Saturday, 20 August 2011

Boston Baked Beans

serves 4 as a main meal

8oz (250g) dried white haricot beans
1 pint (500mls) water
1 onion, peeled and sliced
2 cloves garlic, chopped
1 bayleaf
1 tsp English mustard
2 tbsp black treacle
1 tbsp dark brown sugar
3 tbsp tomato puree
6oz (175g) bacon bits
salt and freshly ground black pepper

1) Soak the haricot beans in water for 8 hours or overnight.  Drain.
2) Put the beans in the slow cooker and mix in the chopped onion and the bacon bits.  
3) Blend the mustard with a little of the water, followed by the black treacle, sugar, tomato puree, and chopped garlic.  Mix with the rest of the water, and pour over the bean mixture.  Season, and add the bayleaf.
4) Cook on low for around 8 hours.  For the last hour, remove the lid and thicken the sauce by allowing some of the liquid to evaporate.  If the mixture is too dry, add some more water.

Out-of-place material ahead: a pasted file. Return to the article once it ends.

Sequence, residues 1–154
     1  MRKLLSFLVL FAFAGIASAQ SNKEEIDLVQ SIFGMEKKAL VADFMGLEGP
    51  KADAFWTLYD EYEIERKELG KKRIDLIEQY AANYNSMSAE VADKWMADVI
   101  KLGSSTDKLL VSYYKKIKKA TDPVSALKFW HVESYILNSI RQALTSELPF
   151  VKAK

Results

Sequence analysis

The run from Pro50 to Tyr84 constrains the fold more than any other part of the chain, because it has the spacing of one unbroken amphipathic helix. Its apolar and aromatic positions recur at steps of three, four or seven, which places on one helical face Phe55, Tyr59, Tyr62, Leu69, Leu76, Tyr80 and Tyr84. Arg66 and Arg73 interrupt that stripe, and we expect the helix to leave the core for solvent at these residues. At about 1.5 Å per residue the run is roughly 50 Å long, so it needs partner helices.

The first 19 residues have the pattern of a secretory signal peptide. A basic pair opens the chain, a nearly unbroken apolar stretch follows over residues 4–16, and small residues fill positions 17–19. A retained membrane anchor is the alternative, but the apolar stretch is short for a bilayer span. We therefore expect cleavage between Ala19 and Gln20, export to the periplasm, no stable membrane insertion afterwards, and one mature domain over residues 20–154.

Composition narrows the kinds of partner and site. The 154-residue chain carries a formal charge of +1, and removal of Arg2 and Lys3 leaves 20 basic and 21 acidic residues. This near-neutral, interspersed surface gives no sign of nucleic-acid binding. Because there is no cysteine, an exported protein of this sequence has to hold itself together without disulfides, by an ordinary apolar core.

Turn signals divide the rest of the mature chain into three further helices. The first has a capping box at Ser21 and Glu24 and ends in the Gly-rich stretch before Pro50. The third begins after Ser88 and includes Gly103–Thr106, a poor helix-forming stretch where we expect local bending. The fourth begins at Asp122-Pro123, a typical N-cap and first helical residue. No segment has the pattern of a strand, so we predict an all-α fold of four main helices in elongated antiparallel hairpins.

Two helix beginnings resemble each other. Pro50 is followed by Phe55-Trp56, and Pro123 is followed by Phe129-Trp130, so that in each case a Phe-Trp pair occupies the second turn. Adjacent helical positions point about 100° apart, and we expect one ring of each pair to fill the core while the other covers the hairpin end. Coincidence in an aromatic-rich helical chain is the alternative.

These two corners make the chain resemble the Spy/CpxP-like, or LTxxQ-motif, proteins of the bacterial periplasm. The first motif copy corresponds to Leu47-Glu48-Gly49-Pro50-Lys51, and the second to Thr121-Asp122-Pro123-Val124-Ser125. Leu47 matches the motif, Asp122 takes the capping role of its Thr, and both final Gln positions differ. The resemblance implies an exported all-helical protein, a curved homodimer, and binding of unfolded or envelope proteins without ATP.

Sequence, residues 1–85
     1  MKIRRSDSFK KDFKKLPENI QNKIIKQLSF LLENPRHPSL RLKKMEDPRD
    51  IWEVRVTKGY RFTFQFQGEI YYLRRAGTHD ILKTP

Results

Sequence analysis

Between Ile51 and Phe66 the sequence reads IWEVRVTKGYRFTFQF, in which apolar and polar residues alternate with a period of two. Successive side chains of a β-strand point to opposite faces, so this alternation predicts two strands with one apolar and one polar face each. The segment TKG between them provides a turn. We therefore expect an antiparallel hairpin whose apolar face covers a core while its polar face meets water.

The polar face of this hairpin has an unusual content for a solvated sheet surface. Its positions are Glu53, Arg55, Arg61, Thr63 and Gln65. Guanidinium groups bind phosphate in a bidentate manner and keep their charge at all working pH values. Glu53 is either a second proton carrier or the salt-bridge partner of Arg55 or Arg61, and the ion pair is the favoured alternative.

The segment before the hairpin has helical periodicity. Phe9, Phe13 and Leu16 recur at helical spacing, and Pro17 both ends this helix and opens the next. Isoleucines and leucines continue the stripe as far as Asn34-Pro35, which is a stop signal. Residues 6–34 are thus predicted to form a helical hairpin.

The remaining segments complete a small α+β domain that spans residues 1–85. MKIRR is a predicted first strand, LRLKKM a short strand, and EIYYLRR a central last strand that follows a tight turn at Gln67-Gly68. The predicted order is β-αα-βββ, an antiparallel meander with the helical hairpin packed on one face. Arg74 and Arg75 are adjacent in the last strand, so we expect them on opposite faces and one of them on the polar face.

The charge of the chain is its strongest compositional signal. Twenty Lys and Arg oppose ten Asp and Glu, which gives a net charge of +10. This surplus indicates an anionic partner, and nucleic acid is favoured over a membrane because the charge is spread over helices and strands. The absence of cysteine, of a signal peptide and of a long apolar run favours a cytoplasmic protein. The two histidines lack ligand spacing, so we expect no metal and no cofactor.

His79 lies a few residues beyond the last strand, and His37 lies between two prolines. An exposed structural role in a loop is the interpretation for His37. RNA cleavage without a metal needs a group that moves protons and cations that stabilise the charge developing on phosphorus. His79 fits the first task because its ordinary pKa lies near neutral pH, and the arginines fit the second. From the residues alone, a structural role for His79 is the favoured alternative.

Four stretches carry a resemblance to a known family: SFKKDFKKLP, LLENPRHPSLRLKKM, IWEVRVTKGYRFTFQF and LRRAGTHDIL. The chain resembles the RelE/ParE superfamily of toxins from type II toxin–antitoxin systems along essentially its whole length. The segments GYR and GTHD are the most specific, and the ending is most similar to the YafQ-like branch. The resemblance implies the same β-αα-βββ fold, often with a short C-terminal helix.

5) Remove the bayleaf and serve hot, with crusty bread and a sprinkle of grated cheese, if desired.

This produces beans in quite a watery sauce - it is not thick like a tin of baked beans.  You might therefore want to serve the beans in a bowl.  To accompany it, I used home-made focaccia; or girdle (soda) scones would also work well.

Haricot beans used to be the most commonly available, if my wartime rationing book is anything to go by.  I actually had great difficulty finding them - the supermarkets didn't seem to stock them - but eventually tracked them down to an ethnic food store.  They were quite a bit cheaper than any of the others on sale, at only 78p for 500g.  

I haven't tried this, but it occurs to me that you could make this more of a main meal by omitting the bacon pieces, and instead burying a whole bacon joint in among the beans.  Then remove the joint at the end, carve it, and serve all together with a baked potato or oven chips.

1 comment:

Jan said...

I Love homemade baked beans. I've used all sorts of dried beans and they are all delicious. Not only delicious but nutritious too.